It might sound like something that lurks in damp soil, but process ROT is actually becoming a widespread problem for many organizations.
Process ROT occurs when established business processes become hampered by redundant, obsolete and trivial (ROT) information. It’s something that’s happening within large numbers of organizations, yet many are not aware that it is occurring, nor are they aware of the potential risk and compliance implications.
ROT becomes a business problem because humans tend to be natural information-hoarders. Throughout organizations, people tend to collect and store large volumes of documents and other materials and are very reluctant to ever delete them.
This type of hoarding is a big problem when it comes to efficient process and risk management. Multiple documents, or multiple versions of the same documents, can quickly become overwhelming. Finding the latest details on a process and how it should be undertaken can be difficult, if not impossible. And if teams aren’t clear on which process they should be following, it is very difficult to effectively manage and track compliance.
In many cases, project and business teams are left to figure it out for themselves. They have to determine what information really needs to be retained and the best system to use for that task.
The result can be the introduction of a number of different systems that are impossible to manage and control. Different departments or groups adopt their own approach with little or no regard for what is happening in other parts of the organization. This results in the continuing spread of ROT.
The telltale signs of ROT
There is one sign that’s a clear indication that process ROT has started or is likely to become a problem within an organization. If teams are storing process-related documentation on a server or intranet, then the problem exists and is likely to get worse.
Another telltale sign is when staff experience difficulties searching for information about particular processes as they have no clear “place” in which to look. Rather than getting on with the task of using or monitoring the process, their time is wasted hunting down the appropriate information.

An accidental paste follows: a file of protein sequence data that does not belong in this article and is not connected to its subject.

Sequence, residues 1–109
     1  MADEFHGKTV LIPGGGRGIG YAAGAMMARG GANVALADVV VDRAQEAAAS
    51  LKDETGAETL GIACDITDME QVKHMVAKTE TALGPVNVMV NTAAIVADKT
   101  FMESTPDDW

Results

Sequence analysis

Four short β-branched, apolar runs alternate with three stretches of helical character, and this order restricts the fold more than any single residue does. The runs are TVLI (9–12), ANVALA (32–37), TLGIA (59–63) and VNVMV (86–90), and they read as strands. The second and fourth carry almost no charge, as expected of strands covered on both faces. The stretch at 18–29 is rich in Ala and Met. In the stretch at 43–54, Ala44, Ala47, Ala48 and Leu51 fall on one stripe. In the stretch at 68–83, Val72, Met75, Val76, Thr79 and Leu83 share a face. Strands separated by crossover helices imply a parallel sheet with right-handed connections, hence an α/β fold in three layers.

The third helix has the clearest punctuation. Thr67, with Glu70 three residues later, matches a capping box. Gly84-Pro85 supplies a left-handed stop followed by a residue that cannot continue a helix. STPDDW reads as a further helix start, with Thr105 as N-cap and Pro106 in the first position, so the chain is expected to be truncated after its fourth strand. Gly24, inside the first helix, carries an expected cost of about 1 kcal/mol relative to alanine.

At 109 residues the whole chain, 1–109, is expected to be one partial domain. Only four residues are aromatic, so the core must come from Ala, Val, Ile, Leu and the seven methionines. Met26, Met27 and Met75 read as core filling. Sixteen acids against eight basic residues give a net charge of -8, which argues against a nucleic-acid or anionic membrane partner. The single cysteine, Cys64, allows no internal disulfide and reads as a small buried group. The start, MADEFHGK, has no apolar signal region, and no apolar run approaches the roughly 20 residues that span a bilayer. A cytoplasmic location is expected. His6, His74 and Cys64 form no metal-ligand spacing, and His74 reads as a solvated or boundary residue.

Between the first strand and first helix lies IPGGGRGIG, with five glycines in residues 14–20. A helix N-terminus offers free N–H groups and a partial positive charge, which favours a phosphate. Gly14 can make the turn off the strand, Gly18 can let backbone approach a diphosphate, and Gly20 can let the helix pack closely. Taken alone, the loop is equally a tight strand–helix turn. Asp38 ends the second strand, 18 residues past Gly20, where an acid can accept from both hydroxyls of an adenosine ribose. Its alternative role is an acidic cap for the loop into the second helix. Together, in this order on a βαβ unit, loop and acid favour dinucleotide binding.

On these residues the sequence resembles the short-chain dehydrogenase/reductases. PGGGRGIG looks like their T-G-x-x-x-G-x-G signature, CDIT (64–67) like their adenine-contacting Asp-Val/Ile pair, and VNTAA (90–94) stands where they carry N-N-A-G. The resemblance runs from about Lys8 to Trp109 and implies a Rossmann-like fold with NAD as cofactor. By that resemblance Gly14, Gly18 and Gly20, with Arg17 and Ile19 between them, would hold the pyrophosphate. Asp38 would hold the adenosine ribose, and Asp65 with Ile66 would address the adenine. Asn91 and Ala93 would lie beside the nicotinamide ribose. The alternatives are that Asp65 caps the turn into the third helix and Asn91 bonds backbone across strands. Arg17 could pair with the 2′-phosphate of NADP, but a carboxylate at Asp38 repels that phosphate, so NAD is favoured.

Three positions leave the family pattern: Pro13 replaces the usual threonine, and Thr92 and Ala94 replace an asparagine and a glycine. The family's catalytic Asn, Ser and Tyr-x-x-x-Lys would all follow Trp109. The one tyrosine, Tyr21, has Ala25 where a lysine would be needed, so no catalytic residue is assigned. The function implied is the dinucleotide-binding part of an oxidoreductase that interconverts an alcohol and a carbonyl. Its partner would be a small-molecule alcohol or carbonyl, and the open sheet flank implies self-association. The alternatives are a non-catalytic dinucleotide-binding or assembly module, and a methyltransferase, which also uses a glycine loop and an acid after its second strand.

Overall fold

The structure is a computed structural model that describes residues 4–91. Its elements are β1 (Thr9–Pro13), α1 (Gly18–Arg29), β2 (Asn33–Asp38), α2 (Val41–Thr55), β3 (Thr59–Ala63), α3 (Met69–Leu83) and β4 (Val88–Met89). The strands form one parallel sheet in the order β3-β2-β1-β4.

This situation is exacerbated when there are duplicates of documents or different versions stored in different places. Work may begin on a process only for staff to find that the steps they are following are out-of-date or have been replaced.
Overall, having poor control over storage and access to process-related information makes it less likely those processes will ever actually be put to use. When information is no longer used, it is simply left to ROT.
The cost of ROT
Process ROT can hurt an organization in a variety of different ways. It makes finding required information difficult, reducing productivity and lowering the impact of the processes that have been designed to add business value.
As a result, an organization can face a hit to its reputation and, potentially, an increased exposure to litigation. Teams may waste time searching for information that turns out to be outdated or misleading. The result can be increased complaints from users, a lack of faith in the process, noncompliance with industry regulations and the gradual erosion of brand values.
How do you fix it?
In the past, many organizations have simply left it up to individual staff members to deal with the challenge of process ROT. However, because they often helped to cause the problem in the first place, it can be difficult for them to be part of the solution.
The key to fixing the challenge is the creation of a centralized business process repository. This repository should provide an easy-to-comprehend and visual structure of all information about each process in a single, accessible location.
Having a central database for company policies is not only beneficial during audits, it helps with version control and means teams will always have access to and be able to follow the most current, agreed-upon process. And integrating risk and process management can improve compliance and risk management by ensuring that there is awareness and consideration of risk impacts at the time of a process change – not later in the year during an audit, which could be too late.
However, it must be remembered that it’s not enough to clean up ROT only to have it creep into the organization all over again. Planning, creation, maintenance and governance processes need to be put in place and work as hard as they can to prevent ROT from returning.
The bottom line
Process ROT can be a significant staff engagement killer that can stop a process improvement program in its tracks and create avoidable risks. If left to grow, the impact on an organization will only become more detrimental over time.
The good news is the problem is readily fixable. It’s a matter of establishing a well-designed knowledge repository in which all detailed and up-to-date information about processes can be stored, searched and accessed. By taking a measured and methodical approach, the problem of process ROT can be banished forever.